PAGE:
Thredbo resort sits lower than Perisher so on a windy day in Perisher, Thredbo's village can be bright and clear and its 480 hectares of terrain get plenty of snow. At the base of the village there's free parking for day skiers and overnight visitors. Most lodges and hotels don't have car spots on site but guests can drop off luggage before parking.
Courtesy buses loop between the village square and Friday Flat, the easy beginners' slope opposite the car park. Friday Flat is a fun run for warming up and the hub of ski and snowboard education programs.
Thredbo Snow Sports School runs similar programs to Perisher, with a good first-timer ski or snowboard package. One- to seven-day lift tickets include daily two-hour group lessons. From Friday Flat, the Gunbarrel Express chairlift heads into the heart of the higher mountain terrain. At 2037 metres, the top of Karels Tbar is Australia's highest lifted point. It's the start of the Supertrail run, a 3.7-kilometre intermediate track that winds down to Thredbo village.
The restaurants, boutiques and bars nestled around Village Square set Thredbo apart from Perisher. Thredbo Leisure Centre, with heated swimming pool, gymnasium, squash court and climbing wall, is ideal for days when conditions outside aren't great.
This year, the resort has a range of new off-mountain activities including movie premieres, music festivals and celebrity ski events. After dark, the Black Bear Inn is a welcoming place for a drink. Its large schnapps selection is complemented by a hearty German-fare menu.
On-mountain, lunch at the family-run Merritts Mountain House redefines Australian snow food. There are lamb shanks and winter vegetables, hot-pot pies and an old-fashion macaroni and cheese. A private dining room can be booked for an a la carte meal away from the crowds.
The smallest ski resort in NSW is also Australia's highest, at 1760 metres. Charlotte Pass is completely on-snow, with access only by over-snow vehicles. The eight-kilometre ride from Perisher to the village is bumpy but children love it.
The drawcard here, in summer and winter, is Kosciuszko Chalet Hotel. Operating since 1938, the family-oriented site has log fires, communal lounges and a great regional cuisine restaurant. The Frosty Kids Club, for three- to 13-year-olds is complimentary and the children's dinner setting, followed by night-time activities, gives adults time to themselves.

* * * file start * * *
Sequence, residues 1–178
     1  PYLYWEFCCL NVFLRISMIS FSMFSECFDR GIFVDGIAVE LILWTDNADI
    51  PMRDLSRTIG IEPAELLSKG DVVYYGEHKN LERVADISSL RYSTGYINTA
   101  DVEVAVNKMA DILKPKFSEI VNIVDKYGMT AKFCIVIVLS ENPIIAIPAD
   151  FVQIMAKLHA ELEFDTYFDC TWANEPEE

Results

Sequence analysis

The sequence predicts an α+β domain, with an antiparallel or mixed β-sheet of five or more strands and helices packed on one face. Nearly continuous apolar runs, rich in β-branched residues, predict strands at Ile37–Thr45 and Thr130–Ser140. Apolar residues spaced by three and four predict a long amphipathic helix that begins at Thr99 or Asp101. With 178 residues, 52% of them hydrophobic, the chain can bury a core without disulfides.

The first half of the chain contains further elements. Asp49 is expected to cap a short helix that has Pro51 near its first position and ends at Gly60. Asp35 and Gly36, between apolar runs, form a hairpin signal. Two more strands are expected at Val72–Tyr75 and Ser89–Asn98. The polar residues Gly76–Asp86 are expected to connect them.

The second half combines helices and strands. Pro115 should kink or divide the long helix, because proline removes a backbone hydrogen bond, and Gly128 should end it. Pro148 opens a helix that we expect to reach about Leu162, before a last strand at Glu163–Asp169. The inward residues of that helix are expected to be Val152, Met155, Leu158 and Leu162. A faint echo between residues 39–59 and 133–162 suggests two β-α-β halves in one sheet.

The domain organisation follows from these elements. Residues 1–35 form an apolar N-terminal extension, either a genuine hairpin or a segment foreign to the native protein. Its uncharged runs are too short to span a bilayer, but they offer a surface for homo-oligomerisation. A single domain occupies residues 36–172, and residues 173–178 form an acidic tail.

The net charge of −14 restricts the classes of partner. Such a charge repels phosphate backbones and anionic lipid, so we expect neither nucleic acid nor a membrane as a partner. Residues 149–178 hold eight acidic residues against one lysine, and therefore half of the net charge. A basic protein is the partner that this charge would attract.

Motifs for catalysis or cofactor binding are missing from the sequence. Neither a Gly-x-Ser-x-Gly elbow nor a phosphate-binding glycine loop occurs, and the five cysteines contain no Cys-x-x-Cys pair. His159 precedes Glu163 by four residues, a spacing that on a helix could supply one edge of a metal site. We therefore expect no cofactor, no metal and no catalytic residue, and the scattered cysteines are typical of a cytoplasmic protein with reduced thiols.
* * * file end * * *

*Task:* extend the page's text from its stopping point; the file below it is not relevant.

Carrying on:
Lisa Perkovic travelled courtesy of Tourism NSW.
Getting there The six-hour drive from Sydney to Jindabyne can zap patience and energy, though the route is well signposted and has ample places to rest. Virgin Blue, Qantas and Tiger Airways fly from Sydney to Canberra. From Canberra airport, the ski fields are 2 hours' drive. Snow Alliance runs shuttle services from Canberra to the ski resorts. Phone 1800 280 121; see snowalliance.com.au.
Skiing there One-day lift passes at Perisher cost $102 for adults and $56 for children; see perisher.com.au. One-day lift passes at Thredbo cost from $99 for adults and $55 for children; see thredbo.com.au. A day-tripper package at Charlotte Pass, $69 for adults and $42 for children, includes over-snow transfers from Perisher, lift ticket and hot-lunch special. See charlottepass.com.au.
Thredbo Alpine Hotel has two-night packages from $420 a person a night in high season. Phone 6459 4200; see rydges.com.au.
Perisher Valley Hotel has two-night packages from $816 a person a night in high season. Phone 6459 4455; see perisherblue.com.au/winter/pvh.
Kosciuszko Chalet Hotel at Charlotte Pass has two-night packages from $605 an adult a night and $225 a child in high season. Phone 1800 026 369; see charlottepass.com.au.